8824 NE Russell St.
Portland OR 97220

Black Lamb

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A losing proposition

The state is destroying families by the thousands.

February 1st, 2012

BY GREG ROBERTS

I keep glancing at my office door, wondering when the state-sponsored prostitutes will show up and start the sting. One of these girls, the under-age daughter of a recent Miss Venezuela, is sure to present a severe test of will as she flings her sequined robe into a corner and jumps into my lap. I’ll have to push her naked little ass away or be arrested by the state, then bankrupted by the courts and crooked lawyers.

So far today I’ve been lucky. The only visitors have been a UPS driver and a propane salesman. You think I’m delusional? Hell no, the state is busily engaged in destroying people every day. It’s big business. If the state’s transgressions with gambling are any indicator, it’s only a matter of months before the prostitute sting hits every household.


The state lures thousands to their doom in poker parlors and casinos. Dummies in busses and Ford Tauruses are brainwashed by lottery ads on TV, radio, and billboards, causing them to pull into crappy loncherias where they munch on mystery meat and hook up to a lotto machine that drains them of every penny.

Do I personally know people who have been ruined by the Oregon Lottery? Of course. Right now a seventy-year-old family member is on the verge of losing her beautiful home because of this state-sanctioned atrocity. She won’t live long enough to pay off her gambling debts unless a miracle body-transplant procedure is suddenly discovered that will make us all Methuselahs.

Charles Dickens would tear out his moustache contemplating the injustice of this system, in which the state uses heavy advertising to lure the rustics to their ruin in the gaming parlors, where their chances of success are worse than those of rough-skinned newts crossing a four-lane highway on a Friday night.

“Let the good times roll!” says the radio ad, hundreds of times a day, every day of the week. Advertising is geared to geezers who like Harleys, Elvis, and surf-and-turf. They roll high for the weekend, then crash like the ninety-year-old World War Two pilot driving a Buick Electra into a Seven-Eleven. Bloated, loaded, and broke, they roll home on gasoline fumes because the credit card has been sucked drier than a cockroach crushed in the construction of the Colosseum.

Can you think of a more depressing sight than an old couple drinking themselves to death in a trailer park in the freezing fog in February because the Oregon Lottery took all their money? I can’t, and I’ve seen Latin American slums where people were living in cardboard boxes and cooking cats in hubcaps. But they had no credit card debt and were smiling in the sunshine.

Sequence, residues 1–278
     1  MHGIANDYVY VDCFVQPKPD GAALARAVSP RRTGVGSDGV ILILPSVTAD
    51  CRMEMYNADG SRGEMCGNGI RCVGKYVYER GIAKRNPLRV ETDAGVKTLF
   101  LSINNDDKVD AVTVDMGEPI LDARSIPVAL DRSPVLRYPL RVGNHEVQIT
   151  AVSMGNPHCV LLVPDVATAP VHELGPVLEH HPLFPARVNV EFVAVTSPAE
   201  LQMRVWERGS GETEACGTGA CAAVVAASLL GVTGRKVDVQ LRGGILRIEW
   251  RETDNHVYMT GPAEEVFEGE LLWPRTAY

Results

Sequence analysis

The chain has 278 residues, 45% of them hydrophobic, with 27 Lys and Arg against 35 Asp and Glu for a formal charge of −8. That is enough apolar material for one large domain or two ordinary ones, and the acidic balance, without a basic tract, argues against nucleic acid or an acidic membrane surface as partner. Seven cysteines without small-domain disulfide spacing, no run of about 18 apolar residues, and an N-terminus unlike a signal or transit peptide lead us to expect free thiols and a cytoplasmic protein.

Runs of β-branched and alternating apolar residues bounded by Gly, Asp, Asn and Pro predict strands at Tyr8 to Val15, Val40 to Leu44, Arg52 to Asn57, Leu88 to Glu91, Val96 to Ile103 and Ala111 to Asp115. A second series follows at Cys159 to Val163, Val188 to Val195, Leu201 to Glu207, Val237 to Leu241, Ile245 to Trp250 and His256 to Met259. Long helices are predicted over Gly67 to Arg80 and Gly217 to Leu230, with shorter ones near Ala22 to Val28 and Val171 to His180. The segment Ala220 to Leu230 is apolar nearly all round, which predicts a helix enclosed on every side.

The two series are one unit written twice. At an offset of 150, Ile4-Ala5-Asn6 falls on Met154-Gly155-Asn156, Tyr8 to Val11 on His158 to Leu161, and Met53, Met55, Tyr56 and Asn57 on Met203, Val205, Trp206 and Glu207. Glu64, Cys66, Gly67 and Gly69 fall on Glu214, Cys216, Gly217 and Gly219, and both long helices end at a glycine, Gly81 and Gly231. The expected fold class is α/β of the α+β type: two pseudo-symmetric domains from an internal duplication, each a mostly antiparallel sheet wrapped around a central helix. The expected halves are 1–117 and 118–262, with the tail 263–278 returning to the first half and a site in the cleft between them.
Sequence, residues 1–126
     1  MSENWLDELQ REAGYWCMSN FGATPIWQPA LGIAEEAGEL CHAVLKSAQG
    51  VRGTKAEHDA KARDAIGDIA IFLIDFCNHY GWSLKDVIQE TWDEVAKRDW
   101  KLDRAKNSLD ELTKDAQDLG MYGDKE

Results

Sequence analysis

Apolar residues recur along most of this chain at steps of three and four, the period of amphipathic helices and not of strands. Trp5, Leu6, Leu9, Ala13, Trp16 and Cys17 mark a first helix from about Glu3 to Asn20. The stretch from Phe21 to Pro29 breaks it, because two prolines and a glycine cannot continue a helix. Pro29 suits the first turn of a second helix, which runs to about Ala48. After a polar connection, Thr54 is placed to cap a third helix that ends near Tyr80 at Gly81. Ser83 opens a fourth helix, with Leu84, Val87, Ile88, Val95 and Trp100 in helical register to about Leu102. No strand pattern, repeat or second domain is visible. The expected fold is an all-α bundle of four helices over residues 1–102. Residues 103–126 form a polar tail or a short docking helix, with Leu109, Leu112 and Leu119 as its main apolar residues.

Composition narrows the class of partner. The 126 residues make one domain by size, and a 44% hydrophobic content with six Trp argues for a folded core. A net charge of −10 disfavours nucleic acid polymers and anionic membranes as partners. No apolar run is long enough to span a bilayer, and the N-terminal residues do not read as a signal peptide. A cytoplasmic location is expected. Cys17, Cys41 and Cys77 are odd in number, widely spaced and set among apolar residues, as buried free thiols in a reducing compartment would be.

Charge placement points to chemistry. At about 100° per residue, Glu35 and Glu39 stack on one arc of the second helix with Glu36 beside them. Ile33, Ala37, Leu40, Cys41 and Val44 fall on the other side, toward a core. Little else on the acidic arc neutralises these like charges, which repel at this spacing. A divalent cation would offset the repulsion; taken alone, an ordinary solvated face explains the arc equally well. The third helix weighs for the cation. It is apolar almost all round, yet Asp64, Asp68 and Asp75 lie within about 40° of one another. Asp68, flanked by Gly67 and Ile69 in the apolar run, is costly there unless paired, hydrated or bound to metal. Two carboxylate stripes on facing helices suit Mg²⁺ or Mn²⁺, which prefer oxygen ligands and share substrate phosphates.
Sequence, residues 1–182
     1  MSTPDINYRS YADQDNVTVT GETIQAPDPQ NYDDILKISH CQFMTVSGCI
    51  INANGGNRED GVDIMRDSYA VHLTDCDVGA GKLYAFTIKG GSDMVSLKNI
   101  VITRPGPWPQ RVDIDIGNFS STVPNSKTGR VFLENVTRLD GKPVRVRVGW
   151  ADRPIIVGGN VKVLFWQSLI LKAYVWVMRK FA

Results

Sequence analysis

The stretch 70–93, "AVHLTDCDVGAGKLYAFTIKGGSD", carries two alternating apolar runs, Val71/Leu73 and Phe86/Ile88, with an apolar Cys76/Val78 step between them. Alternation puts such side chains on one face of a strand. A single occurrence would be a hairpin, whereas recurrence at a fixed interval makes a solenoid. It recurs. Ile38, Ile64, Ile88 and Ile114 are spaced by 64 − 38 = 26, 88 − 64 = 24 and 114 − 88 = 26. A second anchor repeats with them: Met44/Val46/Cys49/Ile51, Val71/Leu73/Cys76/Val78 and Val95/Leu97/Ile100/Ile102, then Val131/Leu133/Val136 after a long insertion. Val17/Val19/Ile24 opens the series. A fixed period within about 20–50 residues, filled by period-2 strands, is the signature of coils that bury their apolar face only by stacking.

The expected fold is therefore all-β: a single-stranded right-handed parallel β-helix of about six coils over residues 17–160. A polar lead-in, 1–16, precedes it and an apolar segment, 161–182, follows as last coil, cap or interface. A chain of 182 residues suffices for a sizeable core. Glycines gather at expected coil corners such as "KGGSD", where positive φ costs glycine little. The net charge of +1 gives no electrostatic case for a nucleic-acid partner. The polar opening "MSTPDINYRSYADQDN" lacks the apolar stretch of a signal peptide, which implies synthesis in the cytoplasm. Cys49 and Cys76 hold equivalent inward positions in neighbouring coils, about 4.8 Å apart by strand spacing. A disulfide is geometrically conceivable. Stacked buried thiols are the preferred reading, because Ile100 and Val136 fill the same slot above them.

To be fair, I admit that some have sometimes won in this brutal enterprise. My mother-in-law won $25,000 thirty years ago. She generously handed out money to her family, and even I ran out and bought an Orvis CFO fly reel for fifty-two bucks, one that I still fish with today. I guess you could argue that the state lottery was spreading joy all over the world, because an Englishman at a metal lathe in Alnwick cranked out that reel, got paid, and maybe had a Dickens kind of goose for Christmas.

But that’s like saying Hitler was cool because of all the VW Beetles he provided. There’s that little matter of the trade-off. My mother-in-law went nutty over her big win and started playing harder than ever. I’m sure she eventually spent far more than the 25K, so in retrospect, it would have been better if she had never won at all. And yes, she did lose her house to back taxes. I couldn’t help her — I was barely able to make my own $450 mortgage payment — so the state devoured her little house like a sturgeon sucking up a salmon egg. But hey, not to worry. The Indigent Housing Authority, or whatever the hell it's called, put her on the twelfth floor of a nice Cuban-style apartment building. Nice as Cabrini Green, without the hassle of young people with switchblades.

And housekeeping chores almost disappeared because the apartment had the square footage of a Cadillac Escalade. No more gardening either, except for a couple of roses in pots on the communal terrace, a shred of a reminder to these poor kulaks that they once had land and crops.

Funny, isn’t it, that Michael Vick’s gambling lust put dogs in danger and made him the most hated man in America for a year? And yet the state-sponsored gambling racket systematically destroys human families by the thousands, and nobody says anything. We should at least have the debate. If I’m lucky enough to win the drawing for a Methuselah body, I may contribute. Look for my paper in Transactions of the Cascadia Speculation Society, Vol. LXXXVI, No. 13, Feb. 2278. •

Posted by: The Editors
Category: All Gambling Issue, Roberts | Link to this Entry

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